The SECURE Act, passed in December of 2019, has fundamentally changed the rules on when beneficiaries have to take assets from retirement accounts, including the elimination of the so called “stretch” option, with some exceptions.
With $29 trillion dollars in retirement accounts, the change means several of us will need to change our estate plans.
The stretch option allowed beneficiaries of retirement accounts to take annual required minimum distributions (RMDs) based on their life expectancies.
In other words, the younger the beneficiary, the longer timeframe they had to distribute the account and spread out the tax due.
Now the SECURE Act requires most beneficiaries must completely empty the retirement account by the end of the 10th year after the year of death (10-year rule), accelerating the tax due. This creates several issues for beneficiaries, including potential concerns around listing a trust as beneficiary of retirement accounts.
Before the SECURE Act, many trusts were created with “conduit” features that allowed income from trust owned assets to “look through” the trust and distribute income to the beneficiaries. This would allow distributions to be spread over the beneficiary’s life and pay the tax due on their personal return vs. the higher trust tax rates. Another common benefit of these trusts was the ability to protect these inherited assets from future creditors or divorce, for example.
Under new law, most beneficiaries are forced to distribute retirement accounts under the 10-year rule.
This means that the assets inherited through a conduit trust will go to the beneficiary in a relatively short period of time and would then become their personal asset. If your goal when creating your trust was to provide lifetime income for your beneficiaries and/or creditor protection for your beneficiaries, the conduit provision may no longer be the best feature to have on your trust.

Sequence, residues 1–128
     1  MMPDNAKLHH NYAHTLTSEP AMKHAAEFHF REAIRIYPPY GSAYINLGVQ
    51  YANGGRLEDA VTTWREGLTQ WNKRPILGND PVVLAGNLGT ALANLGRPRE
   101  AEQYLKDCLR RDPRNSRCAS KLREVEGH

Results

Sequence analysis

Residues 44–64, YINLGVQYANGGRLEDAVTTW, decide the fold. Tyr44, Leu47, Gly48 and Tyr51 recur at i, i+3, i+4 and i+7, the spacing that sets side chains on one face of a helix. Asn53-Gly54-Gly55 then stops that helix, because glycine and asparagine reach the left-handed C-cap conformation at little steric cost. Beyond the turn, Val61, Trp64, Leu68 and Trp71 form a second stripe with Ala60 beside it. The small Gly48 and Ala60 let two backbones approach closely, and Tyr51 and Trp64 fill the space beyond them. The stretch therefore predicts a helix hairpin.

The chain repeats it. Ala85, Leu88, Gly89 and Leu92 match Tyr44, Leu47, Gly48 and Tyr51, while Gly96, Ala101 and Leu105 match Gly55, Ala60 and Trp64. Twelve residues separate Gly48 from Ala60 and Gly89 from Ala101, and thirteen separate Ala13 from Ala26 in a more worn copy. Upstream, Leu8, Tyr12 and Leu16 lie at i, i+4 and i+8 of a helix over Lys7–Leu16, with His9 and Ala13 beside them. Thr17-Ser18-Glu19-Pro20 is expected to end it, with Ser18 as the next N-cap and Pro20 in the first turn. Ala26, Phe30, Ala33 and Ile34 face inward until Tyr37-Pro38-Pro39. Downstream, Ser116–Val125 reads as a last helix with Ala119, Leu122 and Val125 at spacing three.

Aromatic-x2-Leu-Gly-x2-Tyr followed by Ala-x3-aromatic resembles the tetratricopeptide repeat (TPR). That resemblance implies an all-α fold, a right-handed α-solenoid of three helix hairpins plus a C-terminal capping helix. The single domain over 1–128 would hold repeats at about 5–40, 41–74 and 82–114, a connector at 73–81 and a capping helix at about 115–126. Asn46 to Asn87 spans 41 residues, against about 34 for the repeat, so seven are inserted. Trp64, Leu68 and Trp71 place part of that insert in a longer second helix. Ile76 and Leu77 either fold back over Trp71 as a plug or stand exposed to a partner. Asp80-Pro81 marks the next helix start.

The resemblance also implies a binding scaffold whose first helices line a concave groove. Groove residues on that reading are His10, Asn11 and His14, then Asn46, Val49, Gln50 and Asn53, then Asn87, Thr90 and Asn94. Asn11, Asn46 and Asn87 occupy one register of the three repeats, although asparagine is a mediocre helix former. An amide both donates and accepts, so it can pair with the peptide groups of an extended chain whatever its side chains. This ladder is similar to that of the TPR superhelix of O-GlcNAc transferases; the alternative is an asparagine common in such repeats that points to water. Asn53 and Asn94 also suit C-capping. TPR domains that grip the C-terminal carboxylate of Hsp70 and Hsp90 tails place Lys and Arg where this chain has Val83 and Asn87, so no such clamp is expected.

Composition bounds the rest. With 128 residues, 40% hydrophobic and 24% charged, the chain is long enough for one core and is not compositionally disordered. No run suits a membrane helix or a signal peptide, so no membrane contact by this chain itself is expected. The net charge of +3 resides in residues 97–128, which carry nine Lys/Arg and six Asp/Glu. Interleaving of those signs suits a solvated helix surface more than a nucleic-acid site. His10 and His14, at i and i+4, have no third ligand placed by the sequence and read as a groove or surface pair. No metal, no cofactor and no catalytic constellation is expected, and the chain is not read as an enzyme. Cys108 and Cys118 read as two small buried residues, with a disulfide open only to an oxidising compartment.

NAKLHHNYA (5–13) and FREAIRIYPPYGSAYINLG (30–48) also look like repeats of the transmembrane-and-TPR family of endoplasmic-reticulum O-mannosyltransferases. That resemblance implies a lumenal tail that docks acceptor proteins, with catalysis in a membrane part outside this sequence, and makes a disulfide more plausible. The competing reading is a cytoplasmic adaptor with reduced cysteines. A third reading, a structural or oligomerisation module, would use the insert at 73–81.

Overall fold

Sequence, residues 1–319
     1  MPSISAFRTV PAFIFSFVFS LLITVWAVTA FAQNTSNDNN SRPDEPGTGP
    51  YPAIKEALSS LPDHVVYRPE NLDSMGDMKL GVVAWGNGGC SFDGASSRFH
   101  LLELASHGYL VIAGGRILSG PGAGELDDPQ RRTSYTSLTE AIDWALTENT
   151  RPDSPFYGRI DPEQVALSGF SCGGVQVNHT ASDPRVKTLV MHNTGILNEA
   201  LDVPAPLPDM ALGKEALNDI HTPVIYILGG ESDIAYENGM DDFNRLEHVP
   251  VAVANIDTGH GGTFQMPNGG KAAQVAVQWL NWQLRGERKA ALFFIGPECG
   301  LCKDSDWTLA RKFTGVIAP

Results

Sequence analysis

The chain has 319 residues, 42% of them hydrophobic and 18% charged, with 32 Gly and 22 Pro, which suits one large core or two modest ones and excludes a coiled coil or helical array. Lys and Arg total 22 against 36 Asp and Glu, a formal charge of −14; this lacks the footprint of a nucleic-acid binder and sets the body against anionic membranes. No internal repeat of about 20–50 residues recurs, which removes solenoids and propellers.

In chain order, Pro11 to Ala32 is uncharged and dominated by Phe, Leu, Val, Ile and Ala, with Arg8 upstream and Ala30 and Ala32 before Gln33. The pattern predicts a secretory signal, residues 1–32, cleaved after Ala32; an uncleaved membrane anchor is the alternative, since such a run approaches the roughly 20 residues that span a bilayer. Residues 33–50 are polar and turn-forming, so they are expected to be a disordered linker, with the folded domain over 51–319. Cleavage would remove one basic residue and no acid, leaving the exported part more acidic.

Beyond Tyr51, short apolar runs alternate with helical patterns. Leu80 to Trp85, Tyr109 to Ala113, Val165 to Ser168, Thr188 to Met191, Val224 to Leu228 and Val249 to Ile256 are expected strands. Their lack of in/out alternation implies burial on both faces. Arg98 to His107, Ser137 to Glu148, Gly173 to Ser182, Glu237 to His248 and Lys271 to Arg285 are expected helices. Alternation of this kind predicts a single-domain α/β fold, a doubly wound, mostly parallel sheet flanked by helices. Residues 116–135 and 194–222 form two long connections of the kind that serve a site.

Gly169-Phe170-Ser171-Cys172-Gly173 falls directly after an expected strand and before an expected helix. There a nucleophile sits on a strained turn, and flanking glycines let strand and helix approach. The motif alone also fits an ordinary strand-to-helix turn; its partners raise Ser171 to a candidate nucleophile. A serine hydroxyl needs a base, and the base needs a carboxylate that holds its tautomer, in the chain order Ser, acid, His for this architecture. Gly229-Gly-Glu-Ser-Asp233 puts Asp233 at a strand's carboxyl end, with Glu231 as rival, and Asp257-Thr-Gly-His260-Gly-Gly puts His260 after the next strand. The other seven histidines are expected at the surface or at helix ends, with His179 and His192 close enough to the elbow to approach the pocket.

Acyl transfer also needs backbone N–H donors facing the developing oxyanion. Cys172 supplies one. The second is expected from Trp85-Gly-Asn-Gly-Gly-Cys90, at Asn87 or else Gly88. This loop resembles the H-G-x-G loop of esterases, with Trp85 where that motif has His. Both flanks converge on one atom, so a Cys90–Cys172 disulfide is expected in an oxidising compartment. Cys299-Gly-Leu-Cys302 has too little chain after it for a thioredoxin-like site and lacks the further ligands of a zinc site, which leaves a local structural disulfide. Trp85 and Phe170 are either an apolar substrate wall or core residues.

But you do have options.
One solution may be to amend your trust to replace the conduit features with accumulation features. This change would allow the trustee to retain, or accumulate, the distributions from retirement accounts inside of the trust.
The SECURE Act would still force distributions over the 10-year period, but the trustee could have the discretion to leave those dollars inside the trust, which would allow the trustee to more fully realize the lifetime asset protection features of the trust.
This change does come with a potential major drawback.
If these distributions are kept inside the trust, they would be taxed at trust tax rates, which hit the 37% level at only $12,950 of income on the federal level.
So, if you are leaving a large retirement account balance, it would still need to be distributed after 10 years and beneficiaries could face a very large tax bill.
However, under the accumulation structure, the trustee has the discretion to decide what to do. If the trustee believes the high tax rate of the trust is more detrimental than losing asset protection, they could allow the distributions to flow through to the beneficiary at the individual tax rates. But, if there is a more compelling reason — such as asset protection in a divorce— to keep the distributions in the trust, the trustee can retain the distribution in the trust.
Another major concern with the 10-year rule is that there is technically no required minimum distribution until the last year, year 10. Some trust language limits the trustee to only distribute the RMD amounts. Depending on the exact language of your trust, this could mean the trustee is forced to cash out the entire account balance in year 10 only. This would not allow for any flexibility on when to take distributions and would lump all the tax liability into one year, likely pushing the beneficiary into a much higher tax bracket.
But you can avoid this by updating the language in your trust to allow trustees to have discretion over distribution timing.
It’s a good idea to review and update your trust documents every several years. Now with the law changes in the SECURE Act, it’s timely to review these documents with your attorney to make sure these changes are accounted for in your estate planning documents. Typically, this can be done through an amendment of your existing documents and would not require your trust to be re-drafted from scratch.
Please reach out to a Wipfli Financial advisor if you have questions on how these laws coordinate with your personal financial plan.